AUGUST 30, 2007


Physician writer faces court
martial over story

Controversial magazine article reveals gory details about soldier killed in Afghanistan

Dr Patterson's magazine article has sparked two military investigations
Photo: Random House

A magazine article written by BC internist, novelist and ex-soldier Dr Kevin Patterson has landed him in serious hot water with the Department of National Defence (DND). The article describes in graphic detail the death of a soldier he treated during a recent stint in Afghanistan. The Army is now looking into whether he breached doctor-patient confidentiality and compromised their ongoing investigation into the young soldier's death.

Dr Patterson's article "Talk to me like my father" appeared in the July/August issue of Mother Jones, a US political magazine. In it, he describes his attempt to save Canadian reservist Cpl Kevin Megeney of Stellarton, NS, who was shot in the chest by "friendly fire" inside his own tent on the NATO base in Kandahar on March 6.

If either or both of the two DND investigations determine that Dr Patterson broke military rules, he could face a Special General Court Martial trial and, if found guilty, jail time.

One investigation, conducted by the Military Police, will determine if he committed an offence by disclosing classified information about Cpl Megeney's case.

Dr Patterson, a Canadian Forces veteran who last November was lauded by the military for helping to recruit nearly a dozen physicians from Nanaimo General Hospital to work for the Army, was in Afghanistan as a civilian physician for six weeks earlier this year. He signed an Army security document that bars him from publishing "classified or sensitive information" "related to past, current or future operations."

Dr Kevin Patterson explains why he wrote his article

"Talk to Me Like My Father," which appeared in the July/August issue of Mother Jones, is an emotional, accurate and admiring description of the ISAF troops in Afghanistan and their sacrifices. The essay describes the horror of war in strong language, but to understand the extent of the ongoing sacrifice of the troops, I believe that strong language is necessary. If the public is to get a sense of the price being paid on our behalf by these young men and women, it is necessary to face with open eyes the grotesque nature of war trauma. The recent disengagement and fatigue of the public with these matters is itself grotesque. Reasonable people may disagree on the prospects for a durable solution in Afghanistan, but no one could dispute that these young men and women are there for us, and that it is our duty to understand what it is they endure in order to truly honour them for their courage--and in order to make appropriate decisions about what is to be done in the future.

Kevin Megeney's immediate family was approached by Mother Jones magazine prior to the publication of this piece, and his mother's response was strikingly gracious. Nevertheless, it must have been painful for anyone who loved him to have read this. My intention was to honour their son and brother. -- Dr Kevin Patterson sent this email statement to NRM on August 10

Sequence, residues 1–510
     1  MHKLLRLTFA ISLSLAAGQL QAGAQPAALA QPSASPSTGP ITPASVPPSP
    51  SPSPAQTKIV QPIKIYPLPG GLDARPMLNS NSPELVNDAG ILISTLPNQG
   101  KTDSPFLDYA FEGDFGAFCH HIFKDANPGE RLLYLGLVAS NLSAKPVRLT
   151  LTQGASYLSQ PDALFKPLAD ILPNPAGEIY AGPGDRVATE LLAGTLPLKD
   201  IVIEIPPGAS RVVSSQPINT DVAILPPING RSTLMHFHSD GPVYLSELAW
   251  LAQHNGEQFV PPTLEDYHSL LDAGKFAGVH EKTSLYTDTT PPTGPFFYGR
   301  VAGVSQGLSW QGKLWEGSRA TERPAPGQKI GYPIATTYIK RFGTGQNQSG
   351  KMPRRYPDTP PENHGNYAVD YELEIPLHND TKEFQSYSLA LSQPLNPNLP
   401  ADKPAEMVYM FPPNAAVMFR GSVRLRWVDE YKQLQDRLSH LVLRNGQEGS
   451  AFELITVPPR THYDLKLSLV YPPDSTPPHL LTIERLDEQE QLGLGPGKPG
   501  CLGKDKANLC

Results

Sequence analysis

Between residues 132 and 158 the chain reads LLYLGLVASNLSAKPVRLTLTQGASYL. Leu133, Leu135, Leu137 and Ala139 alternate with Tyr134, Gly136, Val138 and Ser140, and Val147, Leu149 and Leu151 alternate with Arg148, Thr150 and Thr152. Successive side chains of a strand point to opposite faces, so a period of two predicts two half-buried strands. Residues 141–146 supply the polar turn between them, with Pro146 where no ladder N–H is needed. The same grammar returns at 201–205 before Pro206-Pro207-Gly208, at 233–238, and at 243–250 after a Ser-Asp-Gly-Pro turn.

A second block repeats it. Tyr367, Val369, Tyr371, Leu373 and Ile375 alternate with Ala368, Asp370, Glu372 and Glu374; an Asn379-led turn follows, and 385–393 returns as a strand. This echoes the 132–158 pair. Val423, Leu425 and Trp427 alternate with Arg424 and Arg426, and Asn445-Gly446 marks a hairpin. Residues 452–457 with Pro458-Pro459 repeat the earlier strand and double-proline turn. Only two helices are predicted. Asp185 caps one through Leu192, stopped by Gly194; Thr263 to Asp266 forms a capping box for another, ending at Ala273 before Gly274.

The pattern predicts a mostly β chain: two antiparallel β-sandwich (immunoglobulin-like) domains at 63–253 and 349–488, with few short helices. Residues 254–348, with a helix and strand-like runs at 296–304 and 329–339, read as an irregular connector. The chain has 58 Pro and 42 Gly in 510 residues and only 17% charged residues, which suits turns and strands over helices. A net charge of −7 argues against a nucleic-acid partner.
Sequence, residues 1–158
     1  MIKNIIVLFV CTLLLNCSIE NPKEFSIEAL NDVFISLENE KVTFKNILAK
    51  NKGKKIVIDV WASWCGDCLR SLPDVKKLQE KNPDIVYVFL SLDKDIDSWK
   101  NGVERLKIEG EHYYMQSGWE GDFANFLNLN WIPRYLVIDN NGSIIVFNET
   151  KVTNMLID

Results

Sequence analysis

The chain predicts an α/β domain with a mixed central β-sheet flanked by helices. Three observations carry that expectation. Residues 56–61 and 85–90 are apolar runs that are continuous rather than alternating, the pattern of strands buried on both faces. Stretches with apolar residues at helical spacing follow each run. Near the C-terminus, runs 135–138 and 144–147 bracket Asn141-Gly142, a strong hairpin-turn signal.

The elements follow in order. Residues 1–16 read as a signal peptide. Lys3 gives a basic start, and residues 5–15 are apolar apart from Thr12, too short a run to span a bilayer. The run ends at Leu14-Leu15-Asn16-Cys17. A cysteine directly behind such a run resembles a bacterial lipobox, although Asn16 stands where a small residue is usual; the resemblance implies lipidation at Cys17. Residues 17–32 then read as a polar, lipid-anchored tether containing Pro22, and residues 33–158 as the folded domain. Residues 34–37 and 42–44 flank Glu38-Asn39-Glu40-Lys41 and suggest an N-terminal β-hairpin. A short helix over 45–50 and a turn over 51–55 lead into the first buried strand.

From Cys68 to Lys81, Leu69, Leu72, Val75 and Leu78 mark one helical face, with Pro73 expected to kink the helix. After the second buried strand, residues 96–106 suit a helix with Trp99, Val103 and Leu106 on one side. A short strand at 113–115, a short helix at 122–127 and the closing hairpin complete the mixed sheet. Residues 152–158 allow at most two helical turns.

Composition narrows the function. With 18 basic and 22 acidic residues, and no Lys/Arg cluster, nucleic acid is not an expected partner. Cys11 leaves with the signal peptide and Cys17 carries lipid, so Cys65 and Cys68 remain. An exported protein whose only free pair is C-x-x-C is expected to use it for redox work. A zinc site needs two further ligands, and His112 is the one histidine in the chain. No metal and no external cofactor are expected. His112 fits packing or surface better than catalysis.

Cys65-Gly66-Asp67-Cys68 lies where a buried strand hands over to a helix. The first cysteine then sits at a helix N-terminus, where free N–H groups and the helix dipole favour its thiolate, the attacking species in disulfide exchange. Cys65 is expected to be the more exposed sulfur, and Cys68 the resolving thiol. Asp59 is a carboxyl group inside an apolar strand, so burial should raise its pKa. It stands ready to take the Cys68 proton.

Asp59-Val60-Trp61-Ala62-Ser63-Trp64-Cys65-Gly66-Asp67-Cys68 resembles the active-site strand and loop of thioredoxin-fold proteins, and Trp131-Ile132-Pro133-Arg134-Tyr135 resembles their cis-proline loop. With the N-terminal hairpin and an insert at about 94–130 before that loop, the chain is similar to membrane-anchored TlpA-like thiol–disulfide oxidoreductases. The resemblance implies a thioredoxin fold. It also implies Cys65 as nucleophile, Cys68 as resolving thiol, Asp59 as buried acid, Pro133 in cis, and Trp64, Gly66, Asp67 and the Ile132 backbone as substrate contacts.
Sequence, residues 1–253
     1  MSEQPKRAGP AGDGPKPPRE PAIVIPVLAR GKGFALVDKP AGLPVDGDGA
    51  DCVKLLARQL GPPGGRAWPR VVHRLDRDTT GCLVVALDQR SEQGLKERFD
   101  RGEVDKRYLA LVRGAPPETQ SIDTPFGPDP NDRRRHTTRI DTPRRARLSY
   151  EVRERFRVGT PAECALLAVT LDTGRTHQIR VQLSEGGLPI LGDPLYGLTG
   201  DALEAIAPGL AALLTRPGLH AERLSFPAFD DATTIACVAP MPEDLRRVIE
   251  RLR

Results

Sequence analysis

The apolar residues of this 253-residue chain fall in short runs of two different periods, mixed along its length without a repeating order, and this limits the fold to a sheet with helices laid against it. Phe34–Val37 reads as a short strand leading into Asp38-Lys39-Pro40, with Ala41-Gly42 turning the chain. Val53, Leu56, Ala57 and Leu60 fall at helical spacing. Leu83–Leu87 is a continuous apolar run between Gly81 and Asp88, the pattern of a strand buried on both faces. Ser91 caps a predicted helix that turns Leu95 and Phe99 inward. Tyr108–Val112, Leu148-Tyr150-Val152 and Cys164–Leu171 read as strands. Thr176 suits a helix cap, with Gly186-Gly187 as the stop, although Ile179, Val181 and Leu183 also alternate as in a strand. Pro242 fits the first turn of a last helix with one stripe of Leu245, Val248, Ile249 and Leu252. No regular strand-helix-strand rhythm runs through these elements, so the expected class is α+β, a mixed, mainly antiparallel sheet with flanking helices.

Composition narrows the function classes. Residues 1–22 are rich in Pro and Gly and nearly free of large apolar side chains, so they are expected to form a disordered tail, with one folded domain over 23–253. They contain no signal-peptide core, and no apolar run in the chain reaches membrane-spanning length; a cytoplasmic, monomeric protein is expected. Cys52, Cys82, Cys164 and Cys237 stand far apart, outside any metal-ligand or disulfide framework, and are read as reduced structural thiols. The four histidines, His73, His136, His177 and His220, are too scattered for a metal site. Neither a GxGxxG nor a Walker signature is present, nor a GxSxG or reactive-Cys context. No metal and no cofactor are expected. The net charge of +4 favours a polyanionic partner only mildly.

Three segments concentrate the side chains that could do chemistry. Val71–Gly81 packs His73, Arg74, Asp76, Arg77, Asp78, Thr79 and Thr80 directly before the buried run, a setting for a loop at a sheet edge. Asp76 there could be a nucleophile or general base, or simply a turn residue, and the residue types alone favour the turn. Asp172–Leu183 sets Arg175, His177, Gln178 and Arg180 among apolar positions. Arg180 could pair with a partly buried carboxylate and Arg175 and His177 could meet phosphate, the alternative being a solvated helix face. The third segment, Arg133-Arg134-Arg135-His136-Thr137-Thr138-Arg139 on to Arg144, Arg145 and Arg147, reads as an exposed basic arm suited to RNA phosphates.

The other investigation is being conducted by the military's Health Services branch to find out whether Dr Patterson committed any medical ethics offences. Some of his colleagues have already made up their minds.

"The one contact he had with that patient was as a medical professional, not a reporter," says Colonel Ronald Brisebois, an Edmonton trauma surgeon whose last tour of duty in Afghanistan overlapped with Dr Patterson's in February; the two worked together briefly. "To publish something like that -- where you name him, you go into details and it's accessible for the family to read his last moments -- is completely inexcusable."

If Dr Patterson had Cpl Megeney's family's permission to release the information, Col Brisebois says, "it would be perfectly fine." However, Cpl Megeney's uncle told the Pictou County, NS, News that the first the family heard of the article was a letter from Mother Jones offering to send them advance copies. (It's been reported elsewhere that Cpl Megeney's mother, a nurse, was fine with Dr Patterson's story.)

In an essay published online August 7, Mother Jones editor Clara Jeffery defends the disclosure by saying even an anonymous description would have made Cpl Megeney's identity obvious because his death had already been made public.

Dr Jeff Blackmer, director of the CMA's Office of Ethics, identifies two ethical questions. First, "once some details become public domain, does a duty of patient confidentiality still exist?" he asks. "It seems reasonable to say that some does exist." And second, does patient confidentiality continue after a patient's death? "That's not specifically addressed by our Code of Ethics, and it's still controversial."

Dr Blackmer received a phone call August 10 from Mother Jones asking for clarification on the CMA's ethics guidelines on patient confidentiality. He declined to elaborate on what he advised them.

The justification given for disclosure by Dr Patterson in a statement sent by email to NRM (see sidebar for full text) -- that it was in the interest of the public good -- wouldn't meet the Code's "responsibilities to society" section, says Dr Blackmer.

For more on Dr Patterson's incarnation as acclaimed novelist, see our story "An all-consuming passion," February 15, 2007. His next book, an anthology of writing by soldiers in Afghanistan, appears this fall.



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